Event Details

KAGRA detector: Large Scale Cryogenic Gravitational Wave Telescope

  • 2017-01-06
  • Dr. Rahul Kumar, High Energy Accelerator Research Organization, KEK, 1-1 Oho, Tsukuba, Ibaraki, 305-0801 Japan.

KAGRA detector is a 2nd generation, large-scale cryogenic gravitational wave telescope (LCGT), currently being built in Japan for the detection of gravitational waves. The arm-length of this interferometric gravitational wave detector is 3 km and is located 200 m underground in the Kamioka mine (near Toyama, Japan). KAGRA is a cryogenic temperature detector (mirrors and suspension called cryogenic payload will be cooled to 20 K) which is unique when compared to other room temperature detectors around the world. Operating the detector at cryogenic temperature will reduce the thermal noise in the suspension (mirrors) and allow the instrument to achieve very high sensitivity which is essential to define the emerging field of gravitational wave astronomy. The cryogenic payload for KAGRA is in the form of multiple pendulum, housed in a cryostat (with four cryo-cooler units) operating at 20 Kelvin. The use of sapphire (Al2O3) as a substrate material for the suspension system is the baseline design for the KAGRA detector. Sapphire is a crystalline material and is an ideal candidate at low temperature since it exhibits extremely low mechanical loss and shows several benefits including good optical properties and high thermal conductivity.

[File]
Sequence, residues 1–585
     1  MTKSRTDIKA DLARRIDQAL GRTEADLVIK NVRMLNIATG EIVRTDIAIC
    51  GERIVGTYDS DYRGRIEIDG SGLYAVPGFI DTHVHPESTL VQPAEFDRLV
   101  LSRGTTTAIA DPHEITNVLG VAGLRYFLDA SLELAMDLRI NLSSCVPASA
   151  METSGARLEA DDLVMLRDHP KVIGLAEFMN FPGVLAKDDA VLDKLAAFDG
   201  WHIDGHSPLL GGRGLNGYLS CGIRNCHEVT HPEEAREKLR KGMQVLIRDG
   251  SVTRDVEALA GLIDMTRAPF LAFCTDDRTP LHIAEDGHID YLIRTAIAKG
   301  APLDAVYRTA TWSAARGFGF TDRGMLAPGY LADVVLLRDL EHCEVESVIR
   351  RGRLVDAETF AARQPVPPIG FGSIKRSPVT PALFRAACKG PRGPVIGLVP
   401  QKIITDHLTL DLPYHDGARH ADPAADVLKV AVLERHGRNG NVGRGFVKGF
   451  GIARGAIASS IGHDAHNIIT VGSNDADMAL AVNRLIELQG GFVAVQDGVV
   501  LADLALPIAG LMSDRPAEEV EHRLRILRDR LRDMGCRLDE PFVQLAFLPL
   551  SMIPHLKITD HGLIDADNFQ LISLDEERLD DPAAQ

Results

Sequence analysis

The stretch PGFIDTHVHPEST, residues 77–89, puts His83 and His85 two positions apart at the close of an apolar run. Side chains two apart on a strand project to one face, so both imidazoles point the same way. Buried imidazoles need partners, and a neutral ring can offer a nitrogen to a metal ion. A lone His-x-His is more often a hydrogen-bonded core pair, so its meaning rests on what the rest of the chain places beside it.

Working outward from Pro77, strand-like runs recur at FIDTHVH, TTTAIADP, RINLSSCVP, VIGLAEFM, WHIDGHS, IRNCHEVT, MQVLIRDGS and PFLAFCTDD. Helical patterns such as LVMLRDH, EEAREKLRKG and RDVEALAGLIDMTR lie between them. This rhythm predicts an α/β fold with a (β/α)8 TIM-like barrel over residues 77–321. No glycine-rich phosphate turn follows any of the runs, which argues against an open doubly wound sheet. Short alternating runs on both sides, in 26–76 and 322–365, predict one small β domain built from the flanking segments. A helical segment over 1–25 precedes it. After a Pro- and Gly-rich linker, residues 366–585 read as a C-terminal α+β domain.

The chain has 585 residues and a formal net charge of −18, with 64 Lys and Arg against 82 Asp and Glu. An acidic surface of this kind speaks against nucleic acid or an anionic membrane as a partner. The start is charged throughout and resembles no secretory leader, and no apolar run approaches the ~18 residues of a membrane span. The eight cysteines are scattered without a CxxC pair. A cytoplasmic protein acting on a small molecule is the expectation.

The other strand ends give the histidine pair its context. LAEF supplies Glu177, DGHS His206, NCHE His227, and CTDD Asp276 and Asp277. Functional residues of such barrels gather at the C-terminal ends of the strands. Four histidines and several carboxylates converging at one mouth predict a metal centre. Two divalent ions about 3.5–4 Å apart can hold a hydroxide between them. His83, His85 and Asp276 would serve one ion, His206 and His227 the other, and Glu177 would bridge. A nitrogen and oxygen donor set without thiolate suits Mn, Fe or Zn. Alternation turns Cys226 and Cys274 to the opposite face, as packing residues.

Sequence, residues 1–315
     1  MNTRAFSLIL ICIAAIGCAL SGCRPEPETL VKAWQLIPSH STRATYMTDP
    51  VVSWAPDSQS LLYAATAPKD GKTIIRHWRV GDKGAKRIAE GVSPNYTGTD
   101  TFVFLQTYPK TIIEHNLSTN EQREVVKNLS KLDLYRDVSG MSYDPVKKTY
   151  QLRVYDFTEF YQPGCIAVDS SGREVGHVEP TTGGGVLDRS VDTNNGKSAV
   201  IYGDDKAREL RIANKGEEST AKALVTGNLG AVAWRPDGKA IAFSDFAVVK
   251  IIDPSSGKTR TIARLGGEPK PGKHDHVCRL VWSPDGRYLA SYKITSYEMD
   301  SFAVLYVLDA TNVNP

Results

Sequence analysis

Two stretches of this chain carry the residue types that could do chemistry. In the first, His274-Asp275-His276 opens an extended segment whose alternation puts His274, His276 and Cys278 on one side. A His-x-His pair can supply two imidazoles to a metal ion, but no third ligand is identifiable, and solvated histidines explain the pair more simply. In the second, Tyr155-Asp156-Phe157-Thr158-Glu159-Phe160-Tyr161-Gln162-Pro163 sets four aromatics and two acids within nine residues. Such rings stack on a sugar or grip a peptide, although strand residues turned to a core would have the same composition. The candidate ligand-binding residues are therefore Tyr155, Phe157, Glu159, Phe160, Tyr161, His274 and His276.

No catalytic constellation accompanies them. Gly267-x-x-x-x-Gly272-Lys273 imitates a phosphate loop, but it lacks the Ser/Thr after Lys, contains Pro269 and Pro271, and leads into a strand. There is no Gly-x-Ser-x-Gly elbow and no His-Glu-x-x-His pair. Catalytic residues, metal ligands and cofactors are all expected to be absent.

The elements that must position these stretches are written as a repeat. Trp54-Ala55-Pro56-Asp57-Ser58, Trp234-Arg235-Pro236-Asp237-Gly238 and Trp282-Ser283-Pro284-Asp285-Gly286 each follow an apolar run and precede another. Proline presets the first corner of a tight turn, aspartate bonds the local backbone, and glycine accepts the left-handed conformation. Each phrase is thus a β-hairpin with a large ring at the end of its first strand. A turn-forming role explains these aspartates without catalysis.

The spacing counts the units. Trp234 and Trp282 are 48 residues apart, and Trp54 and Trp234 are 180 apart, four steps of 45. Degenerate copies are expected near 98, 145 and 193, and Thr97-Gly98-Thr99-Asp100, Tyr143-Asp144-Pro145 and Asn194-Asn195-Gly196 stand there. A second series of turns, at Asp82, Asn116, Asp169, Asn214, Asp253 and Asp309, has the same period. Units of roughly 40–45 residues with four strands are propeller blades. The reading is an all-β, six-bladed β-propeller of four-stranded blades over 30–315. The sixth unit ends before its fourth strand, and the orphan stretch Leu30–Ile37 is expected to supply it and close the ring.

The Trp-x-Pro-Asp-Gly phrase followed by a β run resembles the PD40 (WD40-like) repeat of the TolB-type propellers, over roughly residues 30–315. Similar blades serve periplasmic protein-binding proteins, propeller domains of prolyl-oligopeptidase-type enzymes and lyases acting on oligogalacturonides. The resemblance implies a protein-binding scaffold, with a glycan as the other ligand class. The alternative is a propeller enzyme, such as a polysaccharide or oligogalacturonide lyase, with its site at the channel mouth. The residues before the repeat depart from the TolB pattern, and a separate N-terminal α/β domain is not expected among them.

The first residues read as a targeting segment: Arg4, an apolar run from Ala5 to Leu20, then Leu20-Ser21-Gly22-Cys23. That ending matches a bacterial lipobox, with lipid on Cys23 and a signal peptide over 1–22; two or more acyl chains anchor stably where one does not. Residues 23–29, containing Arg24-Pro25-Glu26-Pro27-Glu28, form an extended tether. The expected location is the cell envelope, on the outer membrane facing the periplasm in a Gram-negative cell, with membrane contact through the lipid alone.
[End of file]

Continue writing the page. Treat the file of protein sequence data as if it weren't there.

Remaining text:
In this talk I will discuss about the current status of the KAGRA detector, including the ongoing R&D and installation activities at the detector site. The design and status of the cryogenic payload system, specifically focussing on the performance of the sapphire suspensions will be presented. There are several noise sources which affects the performance of a detector at frequencies below 100 Hz. I will discuss such noise sources and the methods to reduce them. My talk will also include the development of ultra-sensitive low noise mirror suspensions system for the advanced LIGO detector.